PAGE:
The Penhold Grip: 

Much suggested by its name, The Penhold Grip is held with the Paddle’s blade pointing upward, and it’s surface pointing downwards, exactly how we hold a pen. It is one of the most popular grips among the Asian players, which now has gained as much popularity in the West as well. 

In a basic Penhold Grip, the edge of the blade is made to tuck into the V of the hand, that’s between the thumb and the fingers. The index fingers and thumb are then curled around the blade eventually resting on the rubber. 

Types of Penhold Grips:

The Chinese Penhold-

In this technique, the blade is gripped downward, where the index finger and the thumb are wrapped around in the basic Penhold way. The three fingers of the playing hand are then curled gently, holding the rubber stuck to the opposite side.


  • Here the crossover point weakness of the Shakehand Grip is eliminated as the same paddle side is used for both forehand and backhand strokes, relying completely on the  lateral wrist rotation and not flipping from side to side.
  • Great wrist flexibility 
  • Applicable for both attack and defense


  • Difficulty in imparting backhand topspin
  • Here the elbow is raised and the wrist is rotated continuously which is physically tiring. It eventually drains out the stamina of the player. 

Japanese or Korean Penhold- 

The only thing that differentiates the Korean grip from Chinese grip is the fact that,  here the fingers placed on the back of the Paddle are straightened, and not curled.



  • More power is added to the forehand strokes, as the fingers impart more strength and stability
  • Increased power helps the player to stand further from the Ping Pong table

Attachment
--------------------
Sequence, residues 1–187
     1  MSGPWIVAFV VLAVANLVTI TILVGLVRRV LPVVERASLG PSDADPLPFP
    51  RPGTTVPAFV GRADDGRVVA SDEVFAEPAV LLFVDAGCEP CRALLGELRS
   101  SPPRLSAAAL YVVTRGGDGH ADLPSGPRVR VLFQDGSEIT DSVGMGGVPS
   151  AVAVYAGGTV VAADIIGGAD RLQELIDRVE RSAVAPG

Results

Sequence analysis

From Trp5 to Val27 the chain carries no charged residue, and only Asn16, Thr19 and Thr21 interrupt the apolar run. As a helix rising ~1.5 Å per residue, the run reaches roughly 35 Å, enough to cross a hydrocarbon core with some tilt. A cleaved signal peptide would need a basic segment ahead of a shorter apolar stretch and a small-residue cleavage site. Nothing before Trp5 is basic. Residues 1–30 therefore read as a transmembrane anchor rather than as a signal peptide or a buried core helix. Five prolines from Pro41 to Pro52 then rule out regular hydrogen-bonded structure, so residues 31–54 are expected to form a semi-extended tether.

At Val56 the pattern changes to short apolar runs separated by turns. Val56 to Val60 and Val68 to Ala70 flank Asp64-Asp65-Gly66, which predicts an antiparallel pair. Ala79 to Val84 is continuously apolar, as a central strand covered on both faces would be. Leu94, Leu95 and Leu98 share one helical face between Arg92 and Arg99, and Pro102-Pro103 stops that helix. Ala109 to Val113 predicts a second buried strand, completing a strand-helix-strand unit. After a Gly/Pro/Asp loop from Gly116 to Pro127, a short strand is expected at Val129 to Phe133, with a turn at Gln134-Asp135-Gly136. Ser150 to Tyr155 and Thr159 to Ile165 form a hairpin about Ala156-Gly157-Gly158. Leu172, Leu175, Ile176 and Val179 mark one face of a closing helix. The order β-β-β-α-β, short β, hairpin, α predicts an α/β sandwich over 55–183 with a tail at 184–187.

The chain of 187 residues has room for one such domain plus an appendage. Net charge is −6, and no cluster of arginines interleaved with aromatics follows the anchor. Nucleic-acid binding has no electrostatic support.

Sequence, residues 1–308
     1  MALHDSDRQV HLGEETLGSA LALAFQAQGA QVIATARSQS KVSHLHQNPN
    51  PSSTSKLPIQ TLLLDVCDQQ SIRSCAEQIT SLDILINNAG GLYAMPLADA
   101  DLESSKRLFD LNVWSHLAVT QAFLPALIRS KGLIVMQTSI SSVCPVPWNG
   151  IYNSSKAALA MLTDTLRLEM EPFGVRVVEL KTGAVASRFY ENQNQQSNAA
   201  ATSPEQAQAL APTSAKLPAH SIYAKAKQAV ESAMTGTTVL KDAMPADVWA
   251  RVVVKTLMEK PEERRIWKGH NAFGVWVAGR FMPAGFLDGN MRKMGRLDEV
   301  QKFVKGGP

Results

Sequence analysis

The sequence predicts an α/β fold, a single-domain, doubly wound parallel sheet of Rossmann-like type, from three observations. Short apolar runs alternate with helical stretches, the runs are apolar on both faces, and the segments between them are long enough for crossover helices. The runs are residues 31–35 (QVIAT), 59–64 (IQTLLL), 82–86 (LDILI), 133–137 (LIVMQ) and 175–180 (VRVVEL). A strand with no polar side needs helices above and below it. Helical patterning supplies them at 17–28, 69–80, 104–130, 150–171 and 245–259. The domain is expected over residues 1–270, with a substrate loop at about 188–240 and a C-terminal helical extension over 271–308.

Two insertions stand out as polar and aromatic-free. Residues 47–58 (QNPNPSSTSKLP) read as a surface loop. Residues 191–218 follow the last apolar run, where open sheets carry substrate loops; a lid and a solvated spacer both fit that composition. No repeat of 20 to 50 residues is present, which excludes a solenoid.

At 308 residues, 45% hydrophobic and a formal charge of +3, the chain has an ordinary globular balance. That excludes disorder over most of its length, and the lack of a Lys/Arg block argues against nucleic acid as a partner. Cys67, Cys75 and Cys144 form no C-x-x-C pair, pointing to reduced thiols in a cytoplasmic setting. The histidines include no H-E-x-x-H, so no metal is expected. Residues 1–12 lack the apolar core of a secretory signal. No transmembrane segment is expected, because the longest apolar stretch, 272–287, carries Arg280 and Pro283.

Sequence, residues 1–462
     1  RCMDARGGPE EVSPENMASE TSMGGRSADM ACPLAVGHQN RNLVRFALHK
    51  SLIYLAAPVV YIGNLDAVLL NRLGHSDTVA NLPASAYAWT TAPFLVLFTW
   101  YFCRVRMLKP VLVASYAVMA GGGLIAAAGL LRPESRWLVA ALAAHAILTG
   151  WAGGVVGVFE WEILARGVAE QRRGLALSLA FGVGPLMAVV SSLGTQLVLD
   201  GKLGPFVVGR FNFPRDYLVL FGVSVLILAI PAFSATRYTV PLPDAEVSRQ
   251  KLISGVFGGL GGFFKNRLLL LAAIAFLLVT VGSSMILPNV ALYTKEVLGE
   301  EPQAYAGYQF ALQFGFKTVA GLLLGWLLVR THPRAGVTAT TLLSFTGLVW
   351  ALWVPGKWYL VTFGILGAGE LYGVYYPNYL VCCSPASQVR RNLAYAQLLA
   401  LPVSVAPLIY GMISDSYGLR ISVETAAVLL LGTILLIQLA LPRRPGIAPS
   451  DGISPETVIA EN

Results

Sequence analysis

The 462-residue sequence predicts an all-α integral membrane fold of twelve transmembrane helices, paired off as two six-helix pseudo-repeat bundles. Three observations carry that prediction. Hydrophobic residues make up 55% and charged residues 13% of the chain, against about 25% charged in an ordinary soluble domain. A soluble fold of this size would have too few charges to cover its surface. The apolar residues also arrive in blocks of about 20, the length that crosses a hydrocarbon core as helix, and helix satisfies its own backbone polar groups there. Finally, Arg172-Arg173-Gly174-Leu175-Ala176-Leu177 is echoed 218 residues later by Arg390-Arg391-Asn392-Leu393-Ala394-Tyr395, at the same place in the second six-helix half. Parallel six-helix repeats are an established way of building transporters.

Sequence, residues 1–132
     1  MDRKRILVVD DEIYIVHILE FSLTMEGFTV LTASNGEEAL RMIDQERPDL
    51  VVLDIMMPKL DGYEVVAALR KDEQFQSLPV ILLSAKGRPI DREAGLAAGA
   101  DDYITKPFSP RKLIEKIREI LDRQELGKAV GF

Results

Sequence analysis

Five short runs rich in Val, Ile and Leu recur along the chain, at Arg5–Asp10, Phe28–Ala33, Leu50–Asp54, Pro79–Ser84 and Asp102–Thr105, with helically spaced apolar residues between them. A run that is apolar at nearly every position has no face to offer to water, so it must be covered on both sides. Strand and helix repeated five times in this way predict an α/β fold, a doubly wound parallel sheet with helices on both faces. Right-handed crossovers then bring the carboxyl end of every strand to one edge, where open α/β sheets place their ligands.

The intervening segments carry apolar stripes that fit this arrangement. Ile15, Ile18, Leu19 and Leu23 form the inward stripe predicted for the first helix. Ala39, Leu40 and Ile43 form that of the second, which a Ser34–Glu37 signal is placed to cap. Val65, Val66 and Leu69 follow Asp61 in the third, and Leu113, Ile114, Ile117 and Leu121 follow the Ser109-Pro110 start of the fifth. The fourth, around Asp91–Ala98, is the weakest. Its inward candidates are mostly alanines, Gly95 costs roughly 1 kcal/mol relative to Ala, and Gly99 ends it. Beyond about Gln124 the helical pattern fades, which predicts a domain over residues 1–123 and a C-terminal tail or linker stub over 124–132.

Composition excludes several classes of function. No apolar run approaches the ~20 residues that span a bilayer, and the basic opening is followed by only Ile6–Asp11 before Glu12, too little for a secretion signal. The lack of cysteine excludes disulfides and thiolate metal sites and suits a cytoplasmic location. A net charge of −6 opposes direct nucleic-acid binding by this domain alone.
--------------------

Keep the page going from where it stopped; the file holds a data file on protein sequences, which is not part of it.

• It reduces blade movement that can also result in difficulty in returning the ball.
  • It requires patience and perseverance to master the grip completely. 

Reverse Backhand Penhold: 

The Reverse Backhand Penhold grip is comparatively tougher than the other ones. Mastering it has been attained perfectly by Wang Hao, whose games can give you a clear indight of how this grip is put into action. 

Here, the Chinese Penhold grip is used, but instead of the front paddle surface, wherein the thumb and index finger are made to rest, the back paddle surface is used. 


  • Helps strengthening the backhand 
  • Enables faster arm movements 


  • As the Paddle is gripped low and close to the table, the chances of getting the ball across the net becomes tough.  
  • Very difficult to master

Apart from these very in-fashion grips, there are two more grips that are unusual and that rarely made it to the international scenes by virtue of their unproven effectiveness in matches.

Did You Know? 

Ping Pong has been considered better than chess for the brain activity that goes into playing and winning the game. 

So, it’s a calorie burner as well as a brain enhancer!

The V-Grip: 

Here the Ping Pong blade is held between the 

index finger and the middle finger, forming a V-shape.

A V-grip can be formed curling the two fingers down through the blade. The thumb is then placed anywhere it seems comfortable for the player.


  • More leverage, extended reach and more power and spin
  • It also allows wide-angled shots.


  • Very less scope of training
  • The grip remains in its experimental stage.

The Seemiller Grip:

Made popular by Dan Seemiller, this technique is a variant of the Shakehand grip.

The tip of the forefinger of the playing hand is placed close to the edge, or somewhere around the edge. The index finger and thumb are held on either side at the angle of a 90-degree turn. 


  • Free wrist movement 
  • No crossover point


  • Hamper in backhand side wrist movements
  • Limiting of heavy topspin and powerful returns.


As for a beginner, one should try n start with a Deep Shakehand (because of its versatility) after mastering which, they can then move into trying other grips. 

Ping Pong is among the most celebrated racket sports and requires constant and consistent training. Every single successful stroke is backed by years and years of practice into every little technique it comes with. Even though every player has his own style of gripping the Paddle, one cannot be called a professional until he/she is aware and trained with the grips discussed above. The grip can neither be very tight or very loose; only a perfect hold can lead to a perfect shot.